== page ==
The bergenia is a flowering and evergreen plant that serves as a bee pasture, covers the ground, the leaves of which are often used as greenery for bouquets and has a decorative effect as a potted plant. It comes from the stone beaker family and is characterized as a perennial by its robustness and ease of care. It usually blooms in the spring months of April and May, but some varieties continue to bloom in the autumn months. But so that the Bergenia thrives and you can enjoy it for a long time, you should pay attention to a few details, which relate in particular to care, cutting and propagation.

Care of the bergenia

The plant is one of the easiest to care for. The care does not make any great demands on you. With the cutting of the flower stalk after the flowering period and dried leaves before new sprouting, little fertilization and its winter hardiness, it is robust and hardy. It doesn’t need frequent watering proving to be a plant that doesn’t need special attention even after repotting or planting. It is one of the long-lived plant varieties that can give a healthy and dense picture for many years at the right location and without major changes.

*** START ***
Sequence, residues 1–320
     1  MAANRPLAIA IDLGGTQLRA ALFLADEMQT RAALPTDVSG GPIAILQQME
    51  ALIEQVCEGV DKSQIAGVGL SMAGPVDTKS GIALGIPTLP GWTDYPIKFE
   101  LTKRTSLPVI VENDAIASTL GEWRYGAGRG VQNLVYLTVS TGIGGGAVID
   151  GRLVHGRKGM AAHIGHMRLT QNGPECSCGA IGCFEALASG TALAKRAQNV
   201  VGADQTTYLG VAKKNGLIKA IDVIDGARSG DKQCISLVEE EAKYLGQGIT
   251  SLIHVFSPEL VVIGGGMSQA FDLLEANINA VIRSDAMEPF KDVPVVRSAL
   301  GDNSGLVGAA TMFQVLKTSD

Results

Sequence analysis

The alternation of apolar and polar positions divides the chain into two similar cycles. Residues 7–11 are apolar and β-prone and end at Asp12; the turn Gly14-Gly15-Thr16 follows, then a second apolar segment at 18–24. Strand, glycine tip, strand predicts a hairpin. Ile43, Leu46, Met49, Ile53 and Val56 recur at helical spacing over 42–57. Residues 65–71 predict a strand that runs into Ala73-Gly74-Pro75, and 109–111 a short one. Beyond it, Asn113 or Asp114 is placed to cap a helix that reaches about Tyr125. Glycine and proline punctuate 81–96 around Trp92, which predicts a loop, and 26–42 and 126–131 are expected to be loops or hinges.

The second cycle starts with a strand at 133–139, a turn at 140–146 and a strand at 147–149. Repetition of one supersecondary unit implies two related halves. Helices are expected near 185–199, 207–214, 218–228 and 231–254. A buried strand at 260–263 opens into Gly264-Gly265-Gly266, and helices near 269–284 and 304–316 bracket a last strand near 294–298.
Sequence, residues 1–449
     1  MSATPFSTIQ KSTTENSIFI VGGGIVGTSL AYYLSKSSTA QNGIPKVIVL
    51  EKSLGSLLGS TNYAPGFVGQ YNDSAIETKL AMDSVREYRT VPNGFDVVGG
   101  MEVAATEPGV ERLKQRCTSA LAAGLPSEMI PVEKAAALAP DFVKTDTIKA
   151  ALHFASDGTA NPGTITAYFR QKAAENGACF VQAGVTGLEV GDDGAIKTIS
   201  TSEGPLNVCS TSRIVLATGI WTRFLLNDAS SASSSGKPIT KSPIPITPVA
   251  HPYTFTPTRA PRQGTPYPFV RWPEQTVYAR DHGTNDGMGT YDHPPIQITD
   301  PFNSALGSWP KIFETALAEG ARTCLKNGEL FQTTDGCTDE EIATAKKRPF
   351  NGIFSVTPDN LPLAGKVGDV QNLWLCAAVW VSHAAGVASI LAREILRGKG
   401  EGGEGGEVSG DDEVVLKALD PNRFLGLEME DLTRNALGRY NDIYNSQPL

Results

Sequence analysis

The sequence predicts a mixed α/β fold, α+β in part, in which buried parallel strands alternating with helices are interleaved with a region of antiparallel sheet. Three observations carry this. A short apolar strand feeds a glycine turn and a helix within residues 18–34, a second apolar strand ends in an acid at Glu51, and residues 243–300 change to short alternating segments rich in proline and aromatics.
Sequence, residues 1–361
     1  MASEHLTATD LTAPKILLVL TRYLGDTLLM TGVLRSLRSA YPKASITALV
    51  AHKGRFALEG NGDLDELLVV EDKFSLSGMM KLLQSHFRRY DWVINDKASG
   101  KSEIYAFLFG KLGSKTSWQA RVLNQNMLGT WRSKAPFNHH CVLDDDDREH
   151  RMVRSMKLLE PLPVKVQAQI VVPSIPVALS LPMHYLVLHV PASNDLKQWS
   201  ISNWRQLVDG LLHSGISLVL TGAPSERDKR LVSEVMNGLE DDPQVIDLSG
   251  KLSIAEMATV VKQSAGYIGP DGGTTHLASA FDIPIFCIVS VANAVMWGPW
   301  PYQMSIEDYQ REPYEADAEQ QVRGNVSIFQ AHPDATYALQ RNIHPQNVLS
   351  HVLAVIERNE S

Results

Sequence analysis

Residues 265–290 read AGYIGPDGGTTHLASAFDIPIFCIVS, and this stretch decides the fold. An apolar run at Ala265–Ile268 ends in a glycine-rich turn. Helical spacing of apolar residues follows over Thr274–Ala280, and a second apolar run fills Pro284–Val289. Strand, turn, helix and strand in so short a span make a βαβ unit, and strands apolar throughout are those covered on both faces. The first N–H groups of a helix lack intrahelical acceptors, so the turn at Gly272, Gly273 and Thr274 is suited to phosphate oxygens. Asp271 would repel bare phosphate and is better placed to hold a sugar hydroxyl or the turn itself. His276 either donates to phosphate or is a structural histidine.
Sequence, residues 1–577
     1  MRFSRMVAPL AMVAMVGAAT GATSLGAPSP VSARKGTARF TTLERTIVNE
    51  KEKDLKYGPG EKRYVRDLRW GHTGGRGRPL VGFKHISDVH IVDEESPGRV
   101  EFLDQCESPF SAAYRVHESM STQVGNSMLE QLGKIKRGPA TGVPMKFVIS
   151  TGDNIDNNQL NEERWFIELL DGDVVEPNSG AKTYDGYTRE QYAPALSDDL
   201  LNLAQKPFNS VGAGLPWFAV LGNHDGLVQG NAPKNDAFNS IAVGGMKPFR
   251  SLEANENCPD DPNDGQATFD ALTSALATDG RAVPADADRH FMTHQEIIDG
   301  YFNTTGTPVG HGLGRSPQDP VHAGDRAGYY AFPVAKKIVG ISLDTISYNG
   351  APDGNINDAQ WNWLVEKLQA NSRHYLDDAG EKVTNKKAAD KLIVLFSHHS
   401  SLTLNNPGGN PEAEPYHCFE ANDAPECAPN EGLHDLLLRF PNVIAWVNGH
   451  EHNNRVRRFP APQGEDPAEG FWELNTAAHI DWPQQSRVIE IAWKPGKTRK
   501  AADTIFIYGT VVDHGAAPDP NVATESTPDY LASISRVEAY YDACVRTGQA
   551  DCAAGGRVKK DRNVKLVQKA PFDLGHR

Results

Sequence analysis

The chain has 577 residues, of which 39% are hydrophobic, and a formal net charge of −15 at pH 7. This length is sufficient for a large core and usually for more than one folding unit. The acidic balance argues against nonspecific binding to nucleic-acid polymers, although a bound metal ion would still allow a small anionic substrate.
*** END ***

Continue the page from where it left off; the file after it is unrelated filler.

Less demanding when pouring

The plant can handle drought very well outdoors and even prefers the drier soil. In the cachepot, however, the bergenia does not tolerate the drought and should therefore be supplied with water more often. It is poured as soon as the upper layer of soil has dried. The Bergenia does not like soil that is too wet. Consequently, you should always make sure that no waterlogging collects in the pot or on a saucer, even with potted plants. If the bergenia gets too much water, it makes it susceptible to diseases.

Rarely fertilize, but properly